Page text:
In my last post, I talked about the reasons I feel that teachers should get behind the push to support year-round schooling and how more consistent time in the classroom will lead to higher student performance, boosting teacher accountability ratings and accommodating a much more streamlined education process. Today I want to look at the common reasons that people are against switching from a summers-off school calendar to a year-round schooling model.
The summer months are typically the highest ones for energy consumption. In fact, the average electricity bill for homeowners in the summer months goes up 4 to 8 percent. The same concept would be true of schools. Having empty classrooms in the summer months means less money going out to air conditioning and prevents other warm-weather costs from hitting school utility budgets. It may seem like a minor point, but an increase in utility bills for one-quarter of the year really could hurt schools’ bottom lines.
Not enough “down time”
Some childhood development experts believe that particularly when it comes to younger students, time off in the summer months is a vital component of healthy development. The argument follows that kids are not designed to spend so much of their time inside classroom walls and that the warmer, pleasant weather of the summer provides a perfect opportunity to get outside and experience childhood. The problem with this argument, of course, is that most children are not spending their summers frolicking in fields of flowers or running around their neighborhoods, hanging out with other kids.
The days of kids spending their summers outside, communing with nature and getting plenty of exercise, are long past. A recent Harvard University study found that school-age children tend to gain weight at a faster pace during the summer months than during the school year, a fact attributed to more time spent in sedentary activities like watching television or using mobile devices instead of being outside or participating in active pursuits. Not only must K-12 students relearn the academic items, but they must also shift their mentalities from less-active, sedentary ones to sharp, alert learning models—and teachers face the brunt of this responsibility.
The American Academy of Child and Adolescent Psychiatry reports that by the time children graduate from high school, they will have spent more time watching television than in classrooms. What’s more—children who watch an excessive amount of television generally have lower grades in school, read fewer books and have more health problems. While some children visit summer camps, or attend child care when school is out, others stay at home, inside, with not much else to do than watch TV or play games on electronic devices. This is especially true for kids who are middle-school age or higher and are able to stay home alone when parents work. The “down time” of the summer months is really just empty time, often void of anything academically or developmentally advantageous.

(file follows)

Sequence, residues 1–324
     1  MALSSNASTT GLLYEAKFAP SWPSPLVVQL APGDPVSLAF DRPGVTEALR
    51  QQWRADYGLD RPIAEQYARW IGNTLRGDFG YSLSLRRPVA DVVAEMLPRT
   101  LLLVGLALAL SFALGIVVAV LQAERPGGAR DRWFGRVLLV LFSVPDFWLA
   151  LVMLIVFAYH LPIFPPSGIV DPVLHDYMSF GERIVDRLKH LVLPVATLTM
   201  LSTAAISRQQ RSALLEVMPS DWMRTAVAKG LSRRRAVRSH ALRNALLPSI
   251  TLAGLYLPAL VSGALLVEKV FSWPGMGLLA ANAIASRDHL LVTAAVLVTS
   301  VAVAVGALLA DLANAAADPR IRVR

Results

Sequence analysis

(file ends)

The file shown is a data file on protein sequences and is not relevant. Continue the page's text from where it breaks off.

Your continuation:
For parents with children of different ages and in different schools, a year-round schedule could present serious scheduling issues. This argument assumes that schools would actually adhere to different time off schedules—something that seemingly could be adjusted so that all schools within a particular district or geographic area were on the same schedule. There is also the child care debate that says it would be difficult for working parents to find babysitters for one or two weeks at a time every few months, as opposed to three months straight in the summer. Again though, the market adjusts with demand and it seems to me that child care centers and camps would offer programs when students needed them. Just because those programs are not available now does not mean they would not exist when families were willing to pay for them.
The most common arguments against year-round schooling seem like a stretch, at best. They are based on assumptions that are not entirely grounded and reek more of the fear of change than of actual concern.
The opinions expressed in Education Futures: Emerging Trends in K-12 are strictly those of the author(s) and do not reflect the opinions or endorsement of Editorial Projects in Education, or any of its publications.